In commemoration of International Day of the World’s Indigenous Peoples last August 9, the Asia Indigenous Peoples Pact (AIPP) observed the day in collaboration with the Network of Indigenous Peoples of Thailand (NIPT) at the Chulalongkorn University campus, Bangkok, Thailand. This year, the event marked nine years of the signing of United Nations Declaration of the Rights of the Indigenous Peoples (UNDRIP).
The highlight of the celebration in Thailand was the selection of the National Assembly of the Council of Indigenous Peoples of Thailand which has 190 members with five representatives from each of the 37 indigenous groups across Thailand. The Council has 15 executive members for the period of four years, August 2015 – August 2019. The President is Mr. Sanon Phunaumong from the Yah indigenous group in the lowlands and the Vice President is Mr. Kittisak Kittisak from the Mien group from the highlands.
The NIPT organized the 3-day program from 8–10 August, 2015 with more than 300 indigenous peoples in attendance representing at least 37 different indigenous groups in Thailand.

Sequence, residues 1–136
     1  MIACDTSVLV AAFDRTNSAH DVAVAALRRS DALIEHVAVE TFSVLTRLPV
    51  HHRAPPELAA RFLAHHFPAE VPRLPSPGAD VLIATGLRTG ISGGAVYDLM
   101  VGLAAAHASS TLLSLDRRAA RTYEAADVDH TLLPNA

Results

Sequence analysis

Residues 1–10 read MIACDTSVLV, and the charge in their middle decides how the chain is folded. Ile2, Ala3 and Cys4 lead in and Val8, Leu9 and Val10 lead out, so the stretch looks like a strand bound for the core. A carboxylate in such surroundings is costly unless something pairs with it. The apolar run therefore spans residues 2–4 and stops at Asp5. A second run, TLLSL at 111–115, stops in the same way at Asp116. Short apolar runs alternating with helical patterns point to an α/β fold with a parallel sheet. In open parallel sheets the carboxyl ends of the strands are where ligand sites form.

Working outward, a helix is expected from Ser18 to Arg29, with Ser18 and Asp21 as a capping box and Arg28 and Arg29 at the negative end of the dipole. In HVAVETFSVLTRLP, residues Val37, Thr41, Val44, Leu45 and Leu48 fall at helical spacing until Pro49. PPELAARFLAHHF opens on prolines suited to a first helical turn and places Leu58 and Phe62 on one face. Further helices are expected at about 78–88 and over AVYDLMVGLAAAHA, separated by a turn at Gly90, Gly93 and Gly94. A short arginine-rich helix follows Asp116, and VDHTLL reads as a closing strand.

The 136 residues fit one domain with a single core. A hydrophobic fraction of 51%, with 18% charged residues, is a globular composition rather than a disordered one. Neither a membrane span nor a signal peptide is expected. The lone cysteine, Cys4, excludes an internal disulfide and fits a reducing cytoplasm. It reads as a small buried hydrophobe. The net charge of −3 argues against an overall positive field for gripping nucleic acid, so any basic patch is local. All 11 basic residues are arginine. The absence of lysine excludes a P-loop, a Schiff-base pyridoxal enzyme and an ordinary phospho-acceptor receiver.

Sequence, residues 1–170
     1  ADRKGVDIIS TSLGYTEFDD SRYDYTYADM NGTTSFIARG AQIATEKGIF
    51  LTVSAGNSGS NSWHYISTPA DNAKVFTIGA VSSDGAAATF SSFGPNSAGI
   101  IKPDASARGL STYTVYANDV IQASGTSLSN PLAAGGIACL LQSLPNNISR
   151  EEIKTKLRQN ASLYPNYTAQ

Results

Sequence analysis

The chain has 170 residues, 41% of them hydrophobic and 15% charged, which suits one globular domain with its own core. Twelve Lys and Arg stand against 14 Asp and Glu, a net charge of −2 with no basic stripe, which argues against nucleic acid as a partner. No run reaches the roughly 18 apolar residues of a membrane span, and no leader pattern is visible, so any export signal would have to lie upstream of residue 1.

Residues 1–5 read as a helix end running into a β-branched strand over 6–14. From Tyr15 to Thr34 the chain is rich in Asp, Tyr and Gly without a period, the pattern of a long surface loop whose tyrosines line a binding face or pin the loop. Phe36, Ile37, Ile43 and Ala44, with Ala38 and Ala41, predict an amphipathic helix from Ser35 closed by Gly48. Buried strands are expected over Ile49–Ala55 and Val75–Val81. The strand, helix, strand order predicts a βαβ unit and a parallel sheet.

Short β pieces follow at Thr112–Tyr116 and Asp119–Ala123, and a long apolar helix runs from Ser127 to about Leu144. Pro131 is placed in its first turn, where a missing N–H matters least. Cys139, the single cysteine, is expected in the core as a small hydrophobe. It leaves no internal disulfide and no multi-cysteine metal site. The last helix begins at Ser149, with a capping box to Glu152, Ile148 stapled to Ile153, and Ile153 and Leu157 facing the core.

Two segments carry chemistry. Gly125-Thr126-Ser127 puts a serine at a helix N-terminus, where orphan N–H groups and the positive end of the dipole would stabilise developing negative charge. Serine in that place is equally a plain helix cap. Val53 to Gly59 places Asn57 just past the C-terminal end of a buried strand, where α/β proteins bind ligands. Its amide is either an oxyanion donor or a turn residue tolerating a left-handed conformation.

The first day of celebration began with cultural performances of the participating indigenous groups, followed by the presentations and discussions of regional situation and issues raised by the regional representatives. There were also a discussion on the processes to push forward the draft law on the establishment of the Council of Indigenous Peoples of Thailand. The draft law was developed during the first National Assembly of the Council of Indigenous Peoples of Thailand, held in November 2014.
On the second day, 9th of August 2015, the Indigenous Media Network (IMN) spearheaded the media award ceremony to dedicated media practitioners in promoting indigenous peoples’ issues. The categories of the award include: (1) Discrimination of human rights of the indigenous peoples, (2) Promotion of indigenous peoples’ issues, (3) Supporting the capacity development of the indigenous peoples in media, and (4) Indigenous journalists. All the awardees expressed their deep appreciation and gratitude for the recognition of their contributions and vowed to continue their coverage of indigenous issues. This event was fully sponsored by the Indigenous Voices in Asia (IVA) project of AIPP with financial support from the Swedish International Development Cooperation Agency (SIDA), Stockholm.